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Keynote Speakers

We are excited to announce the following Keynote Presentations for the 30th Annual Conference:

 

His Hidden Tears and Broken Heart: Attending to the Needs of Fathers Experiencing Perinatal Loss

J ColeJoanna Cole, Ph.D.

In her role as clinical psychologist and manager of psychosocial programs for the Center for Fetal Diagnosis and Treatment, Joanna Cole, PhD, supports pregnant women and families facing the diagnosis of a birth defect. Dr. Cole provides comprehensive diagnostic evaluation and counseling, ensuring that families feel emotionally supported from fetal diagnosis, through neonatal ICU discharge and the early postpartum period. Dr. Cole provides options counseling with couples struggling with pregnancy decision making, grief counseling following loss, and is a leader within the CFDT’s Perinatal Palliative and Bereavement Care Program, committed to helping families plan for and cope with the death of a baby prior to, or soon after, birth. Dr. Cole earned her PhD in Clinical and School Psychology from the University of Virginia, after completing her training in adolescent and young adult medicine at Boston Children’s Hospital/Harvard Medical School. She is an active member within Postpartum Support International and the National Perinatal Association, and she is currently a guest editor for a two-part series on Mood and Pregnancy for the Journal of Obstetric, Gynecologic, and Neonatal Nursing.

 

Many Faces of Postpartum Depression:  A Physician-Scientist’s Point of View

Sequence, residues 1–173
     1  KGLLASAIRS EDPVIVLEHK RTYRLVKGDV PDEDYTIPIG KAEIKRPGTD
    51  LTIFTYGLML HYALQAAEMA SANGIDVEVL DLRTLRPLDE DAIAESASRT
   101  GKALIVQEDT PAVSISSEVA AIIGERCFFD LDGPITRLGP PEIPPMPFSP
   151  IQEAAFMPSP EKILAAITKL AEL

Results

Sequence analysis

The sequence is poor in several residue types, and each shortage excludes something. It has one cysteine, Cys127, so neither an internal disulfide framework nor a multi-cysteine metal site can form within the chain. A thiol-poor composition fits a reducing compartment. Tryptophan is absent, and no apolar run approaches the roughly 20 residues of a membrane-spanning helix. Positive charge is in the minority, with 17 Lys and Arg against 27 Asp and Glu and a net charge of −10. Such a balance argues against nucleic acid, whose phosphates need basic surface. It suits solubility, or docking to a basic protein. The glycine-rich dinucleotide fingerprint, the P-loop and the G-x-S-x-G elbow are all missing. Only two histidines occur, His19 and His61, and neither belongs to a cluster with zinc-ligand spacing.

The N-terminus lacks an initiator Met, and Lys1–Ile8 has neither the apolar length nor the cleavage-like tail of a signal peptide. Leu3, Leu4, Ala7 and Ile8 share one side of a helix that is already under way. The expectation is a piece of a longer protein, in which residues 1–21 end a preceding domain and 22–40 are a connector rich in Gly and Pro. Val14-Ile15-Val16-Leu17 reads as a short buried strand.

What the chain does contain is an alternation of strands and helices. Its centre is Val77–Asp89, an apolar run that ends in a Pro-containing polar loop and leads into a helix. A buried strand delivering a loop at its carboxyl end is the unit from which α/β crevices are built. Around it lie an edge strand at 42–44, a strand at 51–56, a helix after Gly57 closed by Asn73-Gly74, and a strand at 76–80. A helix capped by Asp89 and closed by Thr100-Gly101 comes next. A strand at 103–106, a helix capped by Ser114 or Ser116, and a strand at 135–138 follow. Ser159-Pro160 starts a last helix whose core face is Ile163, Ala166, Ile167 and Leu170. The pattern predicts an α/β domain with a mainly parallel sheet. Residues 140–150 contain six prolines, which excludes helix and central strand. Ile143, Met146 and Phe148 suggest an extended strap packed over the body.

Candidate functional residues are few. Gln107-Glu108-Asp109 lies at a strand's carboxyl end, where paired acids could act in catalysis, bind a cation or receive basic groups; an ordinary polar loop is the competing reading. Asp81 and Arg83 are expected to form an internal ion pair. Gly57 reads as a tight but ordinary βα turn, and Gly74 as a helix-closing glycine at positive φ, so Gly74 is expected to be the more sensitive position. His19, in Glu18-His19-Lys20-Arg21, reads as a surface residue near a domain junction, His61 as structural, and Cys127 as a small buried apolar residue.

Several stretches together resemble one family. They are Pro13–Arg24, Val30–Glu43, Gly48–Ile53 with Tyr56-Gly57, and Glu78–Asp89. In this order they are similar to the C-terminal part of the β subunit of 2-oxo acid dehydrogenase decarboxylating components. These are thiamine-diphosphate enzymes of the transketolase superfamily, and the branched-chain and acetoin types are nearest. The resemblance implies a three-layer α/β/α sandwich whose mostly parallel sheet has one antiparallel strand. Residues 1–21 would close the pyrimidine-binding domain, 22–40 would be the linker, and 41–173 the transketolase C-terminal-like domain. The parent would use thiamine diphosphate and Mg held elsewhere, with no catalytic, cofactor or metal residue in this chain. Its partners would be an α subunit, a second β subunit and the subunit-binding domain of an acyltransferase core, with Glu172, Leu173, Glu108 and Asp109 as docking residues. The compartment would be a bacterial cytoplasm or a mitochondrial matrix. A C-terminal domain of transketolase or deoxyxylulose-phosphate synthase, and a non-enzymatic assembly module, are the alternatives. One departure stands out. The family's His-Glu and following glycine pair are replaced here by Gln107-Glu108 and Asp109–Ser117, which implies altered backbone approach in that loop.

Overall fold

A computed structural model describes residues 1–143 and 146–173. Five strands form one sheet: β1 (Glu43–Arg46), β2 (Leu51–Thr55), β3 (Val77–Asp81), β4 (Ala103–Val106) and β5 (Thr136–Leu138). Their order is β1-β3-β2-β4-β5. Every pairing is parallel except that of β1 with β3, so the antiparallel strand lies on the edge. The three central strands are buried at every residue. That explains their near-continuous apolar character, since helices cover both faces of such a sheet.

EppersonC. Neill Epperson, M.D.

Dr. Neill Epperson is Professor of Psychiatry and Obstetrics and Gynecology at the Perelman School of Medicine where she is also the Founder and Director of the Penn Center for Women’s Behavioral Wellness.  The Center’s mission is to improve women’s health through greater understanding of the impact of hormones and gender on common medical conditions.  The Center’s clinical division provides assessment and ongoing treatment for women with reproduction-related behavioral health concerns including, but not limited to perinatal depression, use of medications during pregnancy, infertility and pregnancy complications or loss. Dr. Epperson received her M.D. degree at the University of North Carolina at Chapel Hill and completed her postdoctoral and research training in psychiatry at Yale University School of Medicine where she rose to the level of Associate Professor before joining Penn in the fall of 2009.

 

Perinatal Distress, Psychotherapy, & Strategies of Intervention: Two Experts Agree to Disagree

Kleiman_0004c (002)Karen Kleiman, MSW, LCSW & Amy Wenzel, Ph.D., ABPP

Karen Kleiman, MSW, LCSW, is Executive Director of The Postpartum Stress Center, founded in 1988, a treatment and professional training center for pregnancy and postpartum depression and anxiety. She is author of numerous books on perinatal distress including the groundbreaking title: This Isn’t What I Expected: Overcoming Postpartum Depression (Da Capo Press, second edition, 2013) and Therapy and the Postpartum Woman (Routledge, 2009). She is creator and instructor of the premier training program for clinicians seeking to specialize in the treatment of perinatal anxiety and depression.Her work has been featured in numerous local, national and international media outlets over the course of almost thirty years and frequently speaks, teaches, and mentors professionals on the topic of maternal mental health.